I have been taking the D850 with the Sigma 150-600 (1.9kg) for a walk in the wild. Normally I use the strap on the lens to carry the camera hanging from my shoulder.

I realized that in many situations I was raising the gear on the camera only for the first moment until I could grab the lens with my other hand.

On a podcast by Tony and Chelsea Northrup on wildlife photography with a 500mm prime lens they mentioned that holding the camera only with a bigger lens attached may damage the mount.

Will raising the gear on the camera only damage the mount?

  • What does raising the gear mean?
    – Caleb
    Mar 26, 2018 at 14:33
  • @Caleb Lifting it from hanging on the strap to ready to take photos. I didn't find a better wording for this Mar 26, 2018 at 16:48
  • 3
    Re: Raising a camera with a Super Telephoto lens. Don't leave them unsupervised until they are both at least about 8 years old and the oldest is at least 12.
    – Michael C
    Mar 26, 2018 at 19:48
  • 2
    @MichaelClark thoughts on helicopter photoparenting or free-range photoparenting?
    – scottbb
    Mar 26, 2018 at 20:34

2 Answers 2


With a 2kg lens, I wouldn't expect any problems; and lenses heavier than that aren't for 'walkaround' use. Those 500 mm prime lenses you mentioned weight in general at least 4-5 kg, and even then they say "may damage the mount"

A lot depends on how you carry it by the camera. If the lens is vertical (pointing up or down), you won't have any problems with the camera mount (your arms/shoulders will probably complain before your camera).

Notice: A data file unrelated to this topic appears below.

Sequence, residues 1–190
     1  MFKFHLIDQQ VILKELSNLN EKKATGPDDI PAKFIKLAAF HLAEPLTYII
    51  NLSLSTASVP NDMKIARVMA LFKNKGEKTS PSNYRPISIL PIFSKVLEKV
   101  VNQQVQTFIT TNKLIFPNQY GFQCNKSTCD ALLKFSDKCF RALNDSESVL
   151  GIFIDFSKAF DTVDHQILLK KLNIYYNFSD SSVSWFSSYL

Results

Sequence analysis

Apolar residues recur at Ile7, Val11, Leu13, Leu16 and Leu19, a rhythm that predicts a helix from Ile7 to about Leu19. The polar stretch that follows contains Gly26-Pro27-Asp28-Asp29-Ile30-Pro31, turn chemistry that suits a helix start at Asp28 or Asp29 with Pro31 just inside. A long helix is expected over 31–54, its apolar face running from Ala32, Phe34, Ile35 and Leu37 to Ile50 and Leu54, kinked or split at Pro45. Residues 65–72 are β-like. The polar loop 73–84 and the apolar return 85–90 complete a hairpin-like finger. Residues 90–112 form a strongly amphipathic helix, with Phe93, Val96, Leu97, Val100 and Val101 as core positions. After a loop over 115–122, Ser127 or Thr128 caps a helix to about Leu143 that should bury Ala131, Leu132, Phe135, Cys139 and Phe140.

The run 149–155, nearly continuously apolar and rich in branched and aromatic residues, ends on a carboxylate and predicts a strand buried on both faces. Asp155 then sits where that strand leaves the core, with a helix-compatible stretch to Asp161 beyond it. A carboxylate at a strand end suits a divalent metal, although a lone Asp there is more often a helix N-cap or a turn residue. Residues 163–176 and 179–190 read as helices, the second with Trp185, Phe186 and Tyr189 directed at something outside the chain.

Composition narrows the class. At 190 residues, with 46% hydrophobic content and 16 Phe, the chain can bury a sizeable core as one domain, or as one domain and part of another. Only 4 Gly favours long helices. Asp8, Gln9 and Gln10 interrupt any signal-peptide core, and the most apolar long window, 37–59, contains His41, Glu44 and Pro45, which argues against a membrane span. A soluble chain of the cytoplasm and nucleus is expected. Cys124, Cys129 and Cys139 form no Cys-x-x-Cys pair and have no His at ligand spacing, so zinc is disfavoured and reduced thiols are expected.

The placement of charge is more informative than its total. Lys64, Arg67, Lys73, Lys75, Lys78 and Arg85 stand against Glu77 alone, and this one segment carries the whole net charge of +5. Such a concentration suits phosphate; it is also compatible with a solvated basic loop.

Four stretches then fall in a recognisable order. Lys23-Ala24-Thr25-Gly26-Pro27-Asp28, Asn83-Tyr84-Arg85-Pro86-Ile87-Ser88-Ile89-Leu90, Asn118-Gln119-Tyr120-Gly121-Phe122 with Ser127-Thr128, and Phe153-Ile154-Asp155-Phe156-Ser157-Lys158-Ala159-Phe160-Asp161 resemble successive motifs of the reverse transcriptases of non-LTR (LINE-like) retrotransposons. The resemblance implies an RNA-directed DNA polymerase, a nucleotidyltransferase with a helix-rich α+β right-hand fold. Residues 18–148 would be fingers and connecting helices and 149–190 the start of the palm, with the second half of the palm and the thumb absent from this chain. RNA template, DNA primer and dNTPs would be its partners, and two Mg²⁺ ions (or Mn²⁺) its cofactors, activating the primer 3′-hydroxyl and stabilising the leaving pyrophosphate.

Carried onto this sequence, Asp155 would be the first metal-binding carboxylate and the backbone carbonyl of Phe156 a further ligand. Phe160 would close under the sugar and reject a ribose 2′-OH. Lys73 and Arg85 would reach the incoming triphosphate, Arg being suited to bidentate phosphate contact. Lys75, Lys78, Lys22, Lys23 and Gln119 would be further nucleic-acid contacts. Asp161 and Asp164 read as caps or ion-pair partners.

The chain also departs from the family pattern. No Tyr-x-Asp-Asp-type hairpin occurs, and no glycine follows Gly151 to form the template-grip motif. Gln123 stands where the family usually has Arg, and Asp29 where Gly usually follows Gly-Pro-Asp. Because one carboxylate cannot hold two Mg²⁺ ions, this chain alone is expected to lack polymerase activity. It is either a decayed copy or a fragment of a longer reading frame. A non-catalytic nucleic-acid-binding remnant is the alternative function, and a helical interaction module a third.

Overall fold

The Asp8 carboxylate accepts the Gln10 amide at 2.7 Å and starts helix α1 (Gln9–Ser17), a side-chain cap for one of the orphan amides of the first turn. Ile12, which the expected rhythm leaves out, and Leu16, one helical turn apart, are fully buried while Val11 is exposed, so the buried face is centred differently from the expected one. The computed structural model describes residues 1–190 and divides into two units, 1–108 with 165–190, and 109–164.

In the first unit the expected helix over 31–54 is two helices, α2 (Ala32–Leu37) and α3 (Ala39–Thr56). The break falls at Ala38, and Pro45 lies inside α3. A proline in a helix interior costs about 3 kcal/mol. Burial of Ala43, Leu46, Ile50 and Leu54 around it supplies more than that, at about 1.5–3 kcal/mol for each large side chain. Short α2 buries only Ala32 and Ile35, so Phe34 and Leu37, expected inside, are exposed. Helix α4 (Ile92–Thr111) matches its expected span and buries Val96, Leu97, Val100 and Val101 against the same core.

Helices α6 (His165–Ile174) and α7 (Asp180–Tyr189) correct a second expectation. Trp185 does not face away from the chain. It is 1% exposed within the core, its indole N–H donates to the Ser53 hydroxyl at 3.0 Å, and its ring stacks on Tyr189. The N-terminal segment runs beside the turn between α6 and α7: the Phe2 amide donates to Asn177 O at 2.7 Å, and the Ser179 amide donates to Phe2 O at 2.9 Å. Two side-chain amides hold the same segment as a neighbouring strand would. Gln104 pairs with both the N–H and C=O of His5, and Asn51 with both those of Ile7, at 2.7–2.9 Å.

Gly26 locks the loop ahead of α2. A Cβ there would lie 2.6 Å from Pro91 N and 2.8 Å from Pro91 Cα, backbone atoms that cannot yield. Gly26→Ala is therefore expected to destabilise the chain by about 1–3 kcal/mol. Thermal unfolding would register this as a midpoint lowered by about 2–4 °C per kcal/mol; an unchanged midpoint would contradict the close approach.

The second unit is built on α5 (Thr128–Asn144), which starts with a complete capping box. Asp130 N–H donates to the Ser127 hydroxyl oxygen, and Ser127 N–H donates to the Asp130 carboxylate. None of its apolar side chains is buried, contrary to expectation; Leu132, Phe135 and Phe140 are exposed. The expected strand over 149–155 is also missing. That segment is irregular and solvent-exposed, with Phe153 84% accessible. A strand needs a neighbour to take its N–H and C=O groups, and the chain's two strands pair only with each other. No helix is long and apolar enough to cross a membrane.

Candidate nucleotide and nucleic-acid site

If you carry the assembly with the lens horizontal, there's in theory more chance of problems with a really heavy lens. Not because of the weight in itself, but because of the torque (rotational force) it exerts, especially when there's any kind of acceleration involved. But in practice, in the case you describe, negligable.

Taking pictures is a different story, there you will want to support the lens, and not just the camera: having that 2kg well in front of the support is going to make it next to impossible to keep the camera steady. Even a good tripod will have trouble (that's why heavier lenses have a support collar on the lens).

  • The Canon EF 500mm f/4 L IS II weighs in at 3.2kg (The older first IS version was 3.9kg). The Sigma 150-600 C is just under 2kg, the Sigma 150-600 S is 2.9kg. Not a lot of difference between the Sigma S and the 500/4 prime.
    – Michael C
    Mar 26, 2018 at 19:37
  • OP mentions the weight in his post (1.9kg). so still 50% extra weight and a "may" qualifier...
    – remco
    Mar 26, 2018 at 19:58

Who knows? Manufacturers don't publish maximum torque specifications.

I wouldn't worry about it.

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